Hermann Emil Fischer

German chemist (1852-1919)

Hermann Emil Fischer (9 October 1852 – 15 July 1919) was a German chemist who won the Nobel Prize in Chemistry in 1902.[1]

Hermann Emil Fischer
Born9 October 1852
Euskirchen, Rhine Province
Died15 July 1919, aged 66
Known forNobel Prize in Chemistry in 1902

Fischer was the founder of the chemistry of primary natural products: carbohydrates, purines and nucleosides, peptides and proteins. Amongst his many discoveries were the structure of carbohydrates, and he was the first to get synthetic peptides. He studied the active principles of tea, coffee and cocoa, namely, caffeine and theobromine.

Fischer also proposed the lock & key model of enzyme action.



Fischer was married to Agnes Gerlach in Feb. 1888, but she died seven years after their marriage. They had three sons, named Hermann Otto Laurenz Fischer (16. Dec. 1888 - 09. Mar. 1960) Walter (05. Jul. 1891 – 04. Nov. 1916) and Alfred (3. Oct. 1894 – 29. Mar. 1917). Alfred was killed in World War I, Walter committed suicide at the age of 25 as a result of compulsory military training.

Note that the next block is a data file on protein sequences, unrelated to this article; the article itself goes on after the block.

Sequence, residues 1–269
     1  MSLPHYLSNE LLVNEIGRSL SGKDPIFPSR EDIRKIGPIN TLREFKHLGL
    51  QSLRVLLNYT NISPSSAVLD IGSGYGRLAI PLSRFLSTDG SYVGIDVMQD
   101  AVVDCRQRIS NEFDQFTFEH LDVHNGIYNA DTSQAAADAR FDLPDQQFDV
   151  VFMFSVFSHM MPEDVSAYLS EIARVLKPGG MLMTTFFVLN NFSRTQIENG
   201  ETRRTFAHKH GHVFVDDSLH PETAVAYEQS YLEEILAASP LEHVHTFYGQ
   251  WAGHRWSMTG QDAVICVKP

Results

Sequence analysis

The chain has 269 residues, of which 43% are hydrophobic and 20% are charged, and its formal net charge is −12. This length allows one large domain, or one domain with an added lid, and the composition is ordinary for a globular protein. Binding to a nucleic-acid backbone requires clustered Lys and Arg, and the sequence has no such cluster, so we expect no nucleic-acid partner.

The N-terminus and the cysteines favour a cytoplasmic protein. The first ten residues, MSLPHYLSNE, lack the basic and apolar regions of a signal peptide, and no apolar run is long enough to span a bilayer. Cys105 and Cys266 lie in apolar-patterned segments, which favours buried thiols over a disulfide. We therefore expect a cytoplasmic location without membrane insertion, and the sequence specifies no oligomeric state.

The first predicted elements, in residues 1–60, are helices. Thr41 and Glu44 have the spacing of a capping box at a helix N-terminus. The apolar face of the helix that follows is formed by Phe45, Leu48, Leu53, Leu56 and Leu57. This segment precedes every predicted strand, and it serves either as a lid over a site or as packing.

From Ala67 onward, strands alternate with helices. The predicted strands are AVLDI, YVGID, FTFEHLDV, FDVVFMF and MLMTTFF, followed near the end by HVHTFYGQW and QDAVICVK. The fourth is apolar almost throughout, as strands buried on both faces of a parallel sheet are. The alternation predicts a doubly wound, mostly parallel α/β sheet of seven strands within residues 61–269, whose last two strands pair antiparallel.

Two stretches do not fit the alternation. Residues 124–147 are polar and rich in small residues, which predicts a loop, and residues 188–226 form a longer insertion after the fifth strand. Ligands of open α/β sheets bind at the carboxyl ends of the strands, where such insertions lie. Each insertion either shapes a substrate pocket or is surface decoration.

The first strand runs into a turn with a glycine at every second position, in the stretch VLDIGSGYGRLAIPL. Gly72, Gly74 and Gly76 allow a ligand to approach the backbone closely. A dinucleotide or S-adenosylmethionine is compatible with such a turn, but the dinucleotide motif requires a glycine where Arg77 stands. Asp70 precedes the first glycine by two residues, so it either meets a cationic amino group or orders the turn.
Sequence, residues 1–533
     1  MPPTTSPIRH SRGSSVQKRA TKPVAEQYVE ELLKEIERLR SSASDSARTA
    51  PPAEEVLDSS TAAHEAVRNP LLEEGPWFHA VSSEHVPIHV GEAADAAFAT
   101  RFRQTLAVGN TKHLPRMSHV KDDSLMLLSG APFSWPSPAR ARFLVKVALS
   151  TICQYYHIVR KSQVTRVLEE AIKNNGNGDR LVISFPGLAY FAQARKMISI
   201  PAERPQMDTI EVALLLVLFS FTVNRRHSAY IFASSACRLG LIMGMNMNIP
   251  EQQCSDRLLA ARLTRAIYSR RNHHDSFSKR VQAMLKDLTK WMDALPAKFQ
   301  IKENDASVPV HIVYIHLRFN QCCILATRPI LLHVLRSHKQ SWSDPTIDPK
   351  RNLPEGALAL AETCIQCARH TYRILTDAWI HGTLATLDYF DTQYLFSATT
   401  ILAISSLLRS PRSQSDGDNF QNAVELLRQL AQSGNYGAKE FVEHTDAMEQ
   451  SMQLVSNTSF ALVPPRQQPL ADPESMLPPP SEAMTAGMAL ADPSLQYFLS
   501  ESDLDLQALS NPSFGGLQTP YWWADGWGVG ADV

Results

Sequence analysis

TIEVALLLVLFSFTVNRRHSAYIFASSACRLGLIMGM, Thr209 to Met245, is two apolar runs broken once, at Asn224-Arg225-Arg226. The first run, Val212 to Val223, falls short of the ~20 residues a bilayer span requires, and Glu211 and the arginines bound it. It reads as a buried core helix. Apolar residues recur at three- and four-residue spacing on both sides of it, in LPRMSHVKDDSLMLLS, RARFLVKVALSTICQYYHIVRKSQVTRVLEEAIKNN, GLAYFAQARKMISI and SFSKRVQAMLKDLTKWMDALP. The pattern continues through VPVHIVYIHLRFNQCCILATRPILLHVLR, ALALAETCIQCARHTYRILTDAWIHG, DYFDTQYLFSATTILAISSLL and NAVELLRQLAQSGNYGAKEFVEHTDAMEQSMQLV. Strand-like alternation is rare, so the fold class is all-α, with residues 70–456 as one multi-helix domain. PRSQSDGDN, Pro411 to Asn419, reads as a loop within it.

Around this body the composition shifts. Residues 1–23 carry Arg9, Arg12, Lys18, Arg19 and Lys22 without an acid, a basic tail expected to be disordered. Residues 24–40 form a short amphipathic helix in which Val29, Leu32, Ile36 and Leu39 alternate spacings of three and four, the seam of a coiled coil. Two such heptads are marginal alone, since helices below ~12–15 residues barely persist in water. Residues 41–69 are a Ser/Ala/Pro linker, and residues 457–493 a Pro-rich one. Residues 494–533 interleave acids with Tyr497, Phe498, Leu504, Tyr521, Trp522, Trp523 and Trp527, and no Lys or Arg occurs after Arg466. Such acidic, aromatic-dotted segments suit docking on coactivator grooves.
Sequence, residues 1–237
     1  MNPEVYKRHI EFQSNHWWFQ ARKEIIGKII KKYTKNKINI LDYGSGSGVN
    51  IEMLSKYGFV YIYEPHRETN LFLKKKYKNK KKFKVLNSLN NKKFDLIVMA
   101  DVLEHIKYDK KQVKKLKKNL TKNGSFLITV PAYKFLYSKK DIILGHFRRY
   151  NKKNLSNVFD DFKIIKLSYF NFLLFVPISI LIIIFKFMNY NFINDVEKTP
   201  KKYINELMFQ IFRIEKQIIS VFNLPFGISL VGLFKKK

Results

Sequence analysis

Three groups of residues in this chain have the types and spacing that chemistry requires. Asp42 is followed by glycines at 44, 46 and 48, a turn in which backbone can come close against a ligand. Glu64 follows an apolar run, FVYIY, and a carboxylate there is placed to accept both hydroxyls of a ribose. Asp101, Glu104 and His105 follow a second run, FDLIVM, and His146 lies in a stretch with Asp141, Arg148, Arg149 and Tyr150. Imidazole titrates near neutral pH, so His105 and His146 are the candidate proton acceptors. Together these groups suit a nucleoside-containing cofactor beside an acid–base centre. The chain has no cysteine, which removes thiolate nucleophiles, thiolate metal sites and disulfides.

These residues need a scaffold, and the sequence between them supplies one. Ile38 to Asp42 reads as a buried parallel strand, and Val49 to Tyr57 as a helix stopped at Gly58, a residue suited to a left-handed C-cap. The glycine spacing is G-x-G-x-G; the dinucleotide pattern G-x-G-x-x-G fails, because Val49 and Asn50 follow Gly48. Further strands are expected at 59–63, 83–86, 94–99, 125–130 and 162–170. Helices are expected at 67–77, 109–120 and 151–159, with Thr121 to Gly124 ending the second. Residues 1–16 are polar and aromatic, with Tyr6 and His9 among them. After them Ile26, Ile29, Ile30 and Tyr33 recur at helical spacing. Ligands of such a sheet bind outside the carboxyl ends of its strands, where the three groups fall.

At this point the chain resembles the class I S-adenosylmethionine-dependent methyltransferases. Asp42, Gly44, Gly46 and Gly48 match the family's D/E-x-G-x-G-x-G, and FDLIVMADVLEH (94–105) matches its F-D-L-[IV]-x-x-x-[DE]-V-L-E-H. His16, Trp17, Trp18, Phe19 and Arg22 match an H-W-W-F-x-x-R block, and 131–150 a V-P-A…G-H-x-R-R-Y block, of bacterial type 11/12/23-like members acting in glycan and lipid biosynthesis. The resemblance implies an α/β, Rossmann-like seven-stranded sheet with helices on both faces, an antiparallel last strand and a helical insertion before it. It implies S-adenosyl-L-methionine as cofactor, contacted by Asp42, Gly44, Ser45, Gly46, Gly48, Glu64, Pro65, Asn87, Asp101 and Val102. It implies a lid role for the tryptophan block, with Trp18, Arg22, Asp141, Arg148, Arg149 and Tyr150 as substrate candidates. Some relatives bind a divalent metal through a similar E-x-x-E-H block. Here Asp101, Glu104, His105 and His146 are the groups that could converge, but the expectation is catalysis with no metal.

His eldest son Hermann Otto Laurenz Fischer, was Professor of Biochemistry in the University of California, Berkeley from 1948 until his death in 1960.[2]

At the end, suffering from terminal cancer, he is thought to have committed suicide in 1919.[3][4][5]

Emil Fischer is burried at Friedhof Wannsee, Lindenstraße and since 1956 named as grave of honor for extraordinary services or achievements in his lifetimes.


  1. Fischer, Emil 1902. Syntheses in the purine and sugar group
  2. Baker, A. Albert 1970–80. Fischer, Hermann Otto Laurenz. Dictionary of Scientific Biography 5. New York: Scribner's, pp. 5–7. ISBN 978-0-684-10114-9
  3. Sachi, Sri Kantha (2000). "Suicide: a Socratic revenge". Ceylon Medical Journal (45): 25–28. Archived from the original on 2012-03-01. Retrieved 2015-07-15.
  4. "Emil Fischer". The Notable Names Database. 2008. Retrieved 2008-09-18.
  5. Eduard, Farber (1970–80). Fischer, Emil Hermann. Dictionary of Scientific Biography 5. New York: Scribner's, pp. 1–5. ISBN 978-0-684-10114-9